No, it’s not a bedtime story, is a serious system’s design concept and I’m amazing that people don’t know about this.
As I mentioned in If you don’t know your data, you don’t know your application I was doing a Java Code Review, and I found a clear case of a much simplier solution. How simple you ask?
Well, without completing the task 100%, I achieved in less then 1 day (and lets say for the argument 1 more day of work), what is being worked on by somebody else for a week, with an estimate of 2 more weeks to complete. So let’s add 50% to my estimate, that’s a total of 3 days verses 15 days. You do the math. and yes that was last week and that task is still being worked on the same way, even with reference to my working code. Not to mention the code is a similiar magnitude of simplicity, and simplicity means cost savings in support, people so quickly forget that.
So what is this RAT and CAT:
- RAT – Row At a Time
- CAT – Chunk At a Time
This concept is really rather simple, however it’s amazing how implementations never consider this. Let me give you a simple example.
Your importing some external data (a flat file of 5 columns, and is inturn will be stored in 2 tables in a normalised form). So the RAT way of doing things would entail:
- Using the language in question, open the file, read line by line, converting into object for reference.
- Now for each row read you
- You get the values (A and B), and then do a select to see if this row already exists in one of the normalised tables (calling in X). If it does, you have the surrogate key, else you insert the row and get the surrogate key
- Now you do the same with the next set of values (C, D, E) which reference the normalised values (A and B), inserting into Y)
- And so on and so on.
- Report exceptions line by line if found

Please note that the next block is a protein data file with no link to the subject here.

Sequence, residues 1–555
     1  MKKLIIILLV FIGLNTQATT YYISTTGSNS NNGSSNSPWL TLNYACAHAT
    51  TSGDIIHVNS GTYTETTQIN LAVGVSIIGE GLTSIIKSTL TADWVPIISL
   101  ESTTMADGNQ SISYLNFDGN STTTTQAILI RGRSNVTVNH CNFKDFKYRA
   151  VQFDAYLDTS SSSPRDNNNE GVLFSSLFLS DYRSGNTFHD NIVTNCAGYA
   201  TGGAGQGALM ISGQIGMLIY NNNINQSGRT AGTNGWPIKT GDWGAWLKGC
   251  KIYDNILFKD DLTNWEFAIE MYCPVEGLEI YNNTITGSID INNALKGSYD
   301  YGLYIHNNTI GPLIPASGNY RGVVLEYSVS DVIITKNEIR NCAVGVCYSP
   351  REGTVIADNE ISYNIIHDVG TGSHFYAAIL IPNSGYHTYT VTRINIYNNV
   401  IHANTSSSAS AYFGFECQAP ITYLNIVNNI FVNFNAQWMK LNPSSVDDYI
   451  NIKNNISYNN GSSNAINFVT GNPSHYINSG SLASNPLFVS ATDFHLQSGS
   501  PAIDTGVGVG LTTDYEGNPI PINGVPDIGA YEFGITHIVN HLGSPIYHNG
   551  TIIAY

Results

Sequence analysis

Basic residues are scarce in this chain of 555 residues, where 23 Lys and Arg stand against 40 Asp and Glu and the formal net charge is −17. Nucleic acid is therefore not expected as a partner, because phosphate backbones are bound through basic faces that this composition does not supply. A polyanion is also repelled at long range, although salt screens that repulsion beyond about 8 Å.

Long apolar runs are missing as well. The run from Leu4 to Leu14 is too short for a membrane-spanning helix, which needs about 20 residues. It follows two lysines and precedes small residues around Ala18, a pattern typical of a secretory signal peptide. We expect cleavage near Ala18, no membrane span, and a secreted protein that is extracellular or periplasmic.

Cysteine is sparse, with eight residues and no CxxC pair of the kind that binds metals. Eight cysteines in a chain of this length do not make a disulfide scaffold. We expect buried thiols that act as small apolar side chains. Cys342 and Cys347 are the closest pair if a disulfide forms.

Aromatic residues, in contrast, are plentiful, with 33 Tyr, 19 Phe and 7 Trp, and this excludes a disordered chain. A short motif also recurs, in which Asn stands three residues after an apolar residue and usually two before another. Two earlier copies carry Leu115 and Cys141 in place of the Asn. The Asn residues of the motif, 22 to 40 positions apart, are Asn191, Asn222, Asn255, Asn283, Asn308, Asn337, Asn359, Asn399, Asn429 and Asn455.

For those now laughing, it’s not really funny, it’s sad that programs are written this way. For those that say, but that’s the only way, well welcome to a different, radical and hard to learn approach.
The Cat way of doing things would entail:
- Create a temporary table
- Bulk load the data into the temporary table via appropiate command, e.g. mysqlimport or LOAD DATA.
- Using one select, insert into X rows from temporary table that are not already present
- Using one select, insert into Y rows from the temporart table that are not present, joining to X to get the appropiate surrogate key
- Report exceptions via one select of data that wasn’t inserted due to some rules
It’s not rocket science people.
I should mention this is a simple example, and it’s not always possible to do CAT processing for all operations, but generally some portion of batch work can be, and the remaining must be done in a RAT way.
Some more recent articles including We need more CATs (2009) and The Art of Elimination (2010)
This is brilliant — I never thought about it this way, although I often do the “cat” way. I figure “let me get the stuff in the database first, and then I can figure out where and what I want with it, like referential integrity…
Justin Swanhart says
CAT is AKA “bulk SQL” or “batch processing”.